Seaweed farming has enormous potential as a tool to combat climate change.
Water authorities in the Western U.S. don’t know what the future will bring, but they are working collaboratively and with scientific rigor to make sure they’re prepared for anything.
Looking at farm labor shortages, people often scratch their heads, thinking, “Why can’t native-born Americans do that work? ”
A little back of the envelope math looking at the production requirements for feeding the world using nothing but mycoprotein synthesized from atmospheric CO2.
It may seem like cultured meat will be one of the best technology options for future sustainable food production. Here we address the misconception that cultured meat somehow will have the capacity to “feed all of humanity” in the near future.
‘Women are the first victims of climate change’, said Dumont at the 4th World Congress on Agroforestry in Montpellier, France, in May, ‘because they depend on tree resources’.
To meet the considerable challenge of ensuring food security for the future, it is imperative to find alternative and sustainable sources of protein, both for direct human consumption and for animal feed. Insect-derived proteins are one possible solution. Insects, especially fly larvae, have many qualities that make them well adapted to animal feed.
As current anti-immigrant policies diminish the supply of migrant workers, farmers are not able to find the labor they need. So, in states such as Arizona, Idaho, and Washington that grow labor-intensive crops like onions, apples and tomatoes, prison systems have responded by leasing convicts to growers desperate for workers.
As countries develop, demand for meat often rises, increasing the temptation to further expand livestock-grazing areas into new frontiers. But, contrary to many predictions, global pastureland has waned, even in agricultural powerhouses like Brazil and mega-populous countries like China.
“I see circumstances under which it could be useful for short-cutting a process that for traditional breeding might take many plant generations,” says Tom Willey, an organic farmer emeritus from California. The disruption of natural ecosystems is a major challenge to agriculture, Willey told me, and while the problem cannot be wholly addressed by genome editing, it could lend an opportunity to “reach back into genomes of the wild ancestors of crop species to recapture genetic material” that has been lost through millennia of breeding for high yields.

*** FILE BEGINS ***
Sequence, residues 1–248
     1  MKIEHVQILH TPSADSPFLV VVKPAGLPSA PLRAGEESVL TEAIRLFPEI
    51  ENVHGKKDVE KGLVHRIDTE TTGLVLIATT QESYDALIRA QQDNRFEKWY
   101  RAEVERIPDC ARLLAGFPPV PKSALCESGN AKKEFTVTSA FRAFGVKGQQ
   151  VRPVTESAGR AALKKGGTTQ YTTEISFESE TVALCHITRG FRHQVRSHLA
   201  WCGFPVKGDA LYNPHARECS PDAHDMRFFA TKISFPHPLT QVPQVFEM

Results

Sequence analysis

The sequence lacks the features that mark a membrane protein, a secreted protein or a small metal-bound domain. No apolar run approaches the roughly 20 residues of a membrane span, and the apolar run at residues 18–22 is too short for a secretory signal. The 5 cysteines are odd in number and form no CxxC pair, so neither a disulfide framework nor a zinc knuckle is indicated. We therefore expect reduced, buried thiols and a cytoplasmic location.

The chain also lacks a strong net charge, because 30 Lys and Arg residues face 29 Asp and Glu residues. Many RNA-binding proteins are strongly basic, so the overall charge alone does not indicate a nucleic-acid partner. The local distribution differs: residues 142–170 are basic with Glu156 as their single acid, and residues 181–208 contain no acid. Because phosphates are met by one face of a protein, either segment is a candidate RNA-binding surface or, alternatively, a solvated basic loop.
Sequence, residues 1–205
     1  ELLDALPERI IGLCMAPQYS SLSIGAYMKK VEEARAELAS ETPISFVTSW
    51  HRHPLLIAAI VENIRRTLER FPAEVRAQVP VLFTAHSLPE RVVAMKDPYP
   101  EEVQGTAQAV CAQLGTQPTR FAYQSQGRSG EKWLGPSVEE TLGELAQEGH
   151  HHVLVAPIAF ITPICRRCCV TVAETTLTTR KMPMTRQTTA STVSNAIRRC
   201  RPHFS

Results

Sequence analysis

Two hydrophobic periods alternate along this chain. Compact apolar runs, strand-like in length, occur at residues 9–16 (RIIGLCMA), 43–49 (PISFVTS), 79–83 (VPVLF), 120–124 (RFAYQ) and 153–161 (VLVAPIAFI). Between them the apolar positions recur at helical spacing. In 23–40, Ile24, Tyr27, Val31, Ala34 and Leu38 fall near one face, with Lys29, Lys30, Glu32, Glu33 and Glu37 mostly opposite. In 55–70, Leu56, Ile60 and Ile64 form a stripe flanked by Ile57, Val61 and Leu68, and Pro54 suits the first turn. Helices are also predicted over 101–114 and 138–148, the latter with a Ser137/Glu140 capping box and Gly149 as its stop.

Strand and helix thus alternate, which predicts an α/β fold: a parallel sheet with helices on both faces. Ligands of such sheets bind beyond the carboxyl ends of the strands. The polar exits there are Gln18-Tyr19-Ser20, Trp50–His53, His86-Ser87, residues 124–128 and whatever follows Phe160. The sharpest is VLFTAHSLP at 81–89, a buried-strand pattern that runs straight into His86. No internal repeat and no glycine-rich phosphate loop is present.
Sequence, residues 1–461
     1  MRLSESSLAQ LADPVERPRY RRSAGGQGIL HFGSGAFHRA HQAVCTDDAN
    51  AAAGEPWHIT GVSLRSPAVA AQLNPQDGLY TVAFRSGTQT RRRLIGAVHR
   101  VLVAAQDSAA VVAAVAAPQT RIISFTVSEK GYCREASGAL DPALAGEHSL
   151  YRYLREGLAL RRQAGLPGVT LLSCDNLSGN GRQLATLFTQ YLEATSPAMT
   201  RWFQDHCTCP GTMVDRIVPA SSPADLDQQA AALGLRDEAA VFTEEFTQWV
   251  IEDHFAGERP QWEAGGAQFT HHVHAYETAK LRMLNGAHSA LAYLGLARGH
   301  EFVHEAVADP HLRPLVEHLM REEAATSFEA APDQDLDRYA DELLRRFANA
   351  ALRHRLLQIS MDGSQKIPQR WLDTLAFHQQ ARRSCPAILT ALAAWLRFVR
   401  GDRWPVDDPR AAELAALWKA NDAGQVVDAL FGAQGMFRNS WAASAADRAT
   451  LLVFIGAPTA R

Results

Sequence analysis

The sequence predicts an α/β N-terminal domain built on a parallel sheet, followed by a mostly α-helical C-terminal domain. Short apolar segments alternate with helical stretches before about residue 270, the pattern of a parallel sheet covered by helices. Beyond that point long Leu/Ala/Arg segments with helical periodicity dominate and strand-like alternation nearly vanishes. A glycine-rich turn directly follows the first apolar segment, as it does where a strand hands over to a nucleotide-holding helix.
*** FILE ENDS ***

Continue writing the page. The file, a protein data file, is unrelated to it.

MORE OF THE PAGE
Given the current challenging economic outlook, some might assume that farmers will abandon conservation efforts and focus exclusively on their finances. However, many of the financial best practices cited by farmers and encouraged by farm financial advisers are the very same principles that can help farmers continue to improve environmental outcomes.
As concern about waste grows, researchers and commercial partners around the world are working to turn what’s now being left behind or burned into new, useful products. By doing so, they hope to not only reduce the adverse environmental impacts of agriculture but also provide a new source of income for farmers.
Sewage sludge doesn’t have much value as fertilizer. Could extracting the valuable elements put it to better use?
Robert Paarlberg argues that anti-science environmental groups and corrupt local governments deprive African farmers of the crops needed for progress.
Don’t apologize for GMO commodity crops. Say it loud and proud: These are the biggest innovations in sustainable agriculture of the last three decades.
The EU and member states are moving to ban neonicotinoid insecticides. But two recently released reports on the issue conclude that a ban would push farmers back to using pest control options that are worse for the environment and possibly for bees as well.
And here …The planet’s plants pull CO2 out of the atmosphere and store it in their leaves, stems and roots. Some of that carbon makes its way into the soil, and some of that soil carbon is ultimately mothballed for millennia.
These days, though, “we as humans are putting up so much CO2 that the Earth is not able to compensate,” says Wolfgang Busch, a plant biologist with the Salk Institute for Biological Studies in La Jolla, California. Busch is working on a new project: to design plants that can suck even more CO2 out of the atmosphere and lock it away for centuries.
Before there was a general understanding of the benefits of native vegetation and the risks of invasive plants — introduced species that outcompete other species, spread quickly and alter ecosystems — USDA had a hand in introducing foreign plants that proved aggressive. Long ago, the agency promoted kudzu for erosion control. Now it works to control invasive species and does not provide assistance for planting them. It also actively promotes the use of native species through some programs.